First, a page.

By: Jacob Benson
Since the Florida Gators inaugural season under Will Muschamp in 2011, there have been questions (and rightfully so) regarding the talent level on offense since Urban Meyer skipped town. Each season the Florida Gators have grown harder to watch, and now that a new coach has entered the fray, the offseason attempts at fending off expectations will be in full swing.
The entire offseason we’ve all heard about the issues that Jim McElwain will face; the lack of depth on the offensive line and linebacker, about how it will take time to implement a new offensive scheme and how breaking in a young, inexperienced quarterback will take time.. Yes, all of these things are real issues for the McElwain and Co. However, what you haven’t been hearing about from this new group of coaches as much is what the talent level on this team is.
As Muschamp candidly put it upon his exit, “Don’t let that new guy tell you he ain’t got any players.” And this statement would be true, as much a self-given compliment about his ability to recruit players as it was a condemnation of the former headman’s ability to cultivate results.
But this new look Florida program should not look any longer to the past — whether it be at head coaches or past talent (there has been much of it over the past four years). Now, is the time to look at what this team has going forward, and here is where you can see it.
15) Jake McGee
The 6th year senior transfer from Virginia is back for another year after suffering a season ending injury in the first game in 2014. His sure hands and size should allow him to be a perfect safety valve for Will Grier or Treon Harris with such a young offensive line. Opposing defenses will have to work to cover up the middle of the field, and may even be forced to draw up a safety rather than linebacker, which could free up some space for deep passes in more than a few games. Even if McGee can grab around 400 yards this year, he will become the best tight end at Florida since Jordan Reed, who is now a dominant force in the NFL. Having this second option will also free up coverage and lure focus away from an already known Demarcus Robinson.
14) Johnny Townsend
Johnny Townsend may be the second coming of departed Kyle Christy, but back to his sophomore year form. Townsend actually wrestled the job away from Christy in 2013, only to give it back and take a redshirt in 2014. Now a redshirt sophomore, Townsend has the leg, coaching, and game experience to be a major factor in the special team’s game. With an offense that may struggle to find its legs early on, being able to flip the field can be extremely important (just look back to the 2012 Florida Gators). By the end of the year, this may be the second best punter in the league behind Ray Guy favorite J.K. Scott at Alabama. If he can come anywhere close to that level, McElwain will have a seriously dangerous weapon if his offense struggles.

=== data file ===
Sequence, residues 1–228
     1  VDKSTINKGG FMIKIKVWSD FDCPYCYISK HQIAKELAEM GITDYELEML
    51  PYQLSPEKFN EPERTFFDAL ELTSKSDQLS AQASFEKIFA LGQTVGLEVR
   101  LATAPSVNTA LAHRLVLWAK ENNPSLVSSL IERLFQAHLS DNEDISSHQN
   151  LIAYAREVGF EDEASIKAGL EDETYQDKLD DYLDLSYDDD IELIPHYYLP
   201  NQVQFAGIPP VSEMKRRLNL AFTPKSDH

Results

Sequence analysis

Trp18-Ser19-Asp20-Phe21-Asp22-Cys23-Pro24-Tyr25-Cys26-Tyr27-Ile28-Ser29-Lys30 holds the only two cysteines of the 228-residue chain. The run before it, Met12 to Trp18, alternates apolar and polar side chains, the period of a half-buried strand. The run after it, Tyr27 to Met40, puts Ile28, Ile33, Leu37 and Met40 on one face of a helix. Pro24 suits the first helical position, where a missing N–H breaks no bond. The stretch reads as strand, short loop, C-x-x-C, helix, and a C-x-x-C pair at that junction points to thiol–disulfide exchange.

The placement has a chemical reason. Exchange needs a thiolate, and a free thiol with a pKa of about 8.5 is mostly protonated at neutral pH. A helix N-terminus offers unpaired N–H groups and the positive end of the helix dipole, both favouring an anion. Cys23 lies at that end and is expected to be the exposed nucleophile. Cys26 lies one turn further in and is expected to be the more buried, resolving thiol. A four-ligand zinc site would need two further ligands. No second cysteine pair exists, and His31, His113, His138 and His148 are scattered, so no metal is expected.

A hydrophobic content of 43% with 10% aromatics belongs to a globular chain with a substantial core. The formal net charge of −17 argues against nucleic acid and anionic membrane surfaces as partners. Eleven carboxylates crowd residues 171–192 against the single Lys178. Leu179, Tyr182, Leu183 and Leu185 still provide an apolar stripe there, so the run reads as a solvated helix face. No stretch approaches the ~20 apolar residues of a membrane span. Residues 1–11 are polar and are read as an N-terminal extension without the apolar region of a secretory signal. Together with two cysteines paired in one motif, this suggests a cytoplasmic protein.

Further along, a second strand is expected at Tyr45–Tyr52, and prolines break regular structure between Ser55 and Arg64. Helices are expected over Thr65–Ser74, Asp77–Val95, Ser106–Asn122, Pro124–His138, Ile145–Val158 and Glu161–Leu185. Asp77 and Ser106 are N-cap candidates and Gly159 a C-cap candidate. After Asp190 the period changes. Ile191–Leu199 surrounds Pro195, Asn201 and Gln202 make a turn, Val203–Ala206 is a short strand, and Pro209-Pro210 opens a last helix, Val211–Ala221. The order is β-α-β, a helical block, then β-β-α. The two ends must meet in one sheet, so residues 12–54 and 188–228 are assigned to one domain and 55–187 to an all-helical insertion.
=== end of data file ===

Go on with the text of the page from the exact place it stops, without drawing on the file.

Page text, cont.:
13) Marcus Maye
The first to appear in a slew of secondary players, Marcus Maye really came around towards the end of last season mentally, and appears to have turned a corner. He is experienced, very talented, and may be Florida’s best safety in coverage in spite of being burned a few times early in 2014. Maye looks to be a future NFL safety, and 2015 will be the first time he can prove it. I expect him to take on a leadership role in a much more prominent way as the season progresses, and will be vital when it comes to communication in the secondary. If Maye has a strong season, good luck throwing against the Gators, no matter whom your quarterback may be.
12) Jordan Scarlett
Coming in at No. 12 should be extremely flattering for any freshman, but Scarlett has the potential to be great by midseason in his first year. As long as he is able to hold onto the ball (which he struggled with losing three fumbles in a high school All-star game), he is a homerun threat that teams will be forced to watch out for whenever he is on the field. As is the case with most young running backs, but even more important at Florida due to a questionable offensive line, is blocking ability, so watch for running back coach Tim Skipper to harp on this during fall practices. Even if he does struggle a bit in this area, his running ability is just too great to keep off the field in some capacity. By the time I am writing this at the end of the season, Florida may have a freshman All-SEC running back, the last one of those at UF being…
11) Kelvin Taylor
Yes, Kelvin Taylor — son of Gator great Fred Taylor and former freshman All-SEC running back — is finally the definitive starter going into 2015. He has elite vision and short area quickness, two attributes that become even more important behind a makeshift offensive line, where space may have to be created from nothing. His ability as a home-run threat is limited, but Taylor is most definitely a quality all around running back with NFL potential. The most important thing for him to work on is his blocking ability (its importance is mentioned above), as it has kept him off the field during his first two years. However, there is no Matt Jones in front of him any longer, so it is now or never with such a talented freshman waiting in the wings. This should be Taylor’s best year yet at Florida, and, if the line surprises, he and Scarlett may be running the show on offense.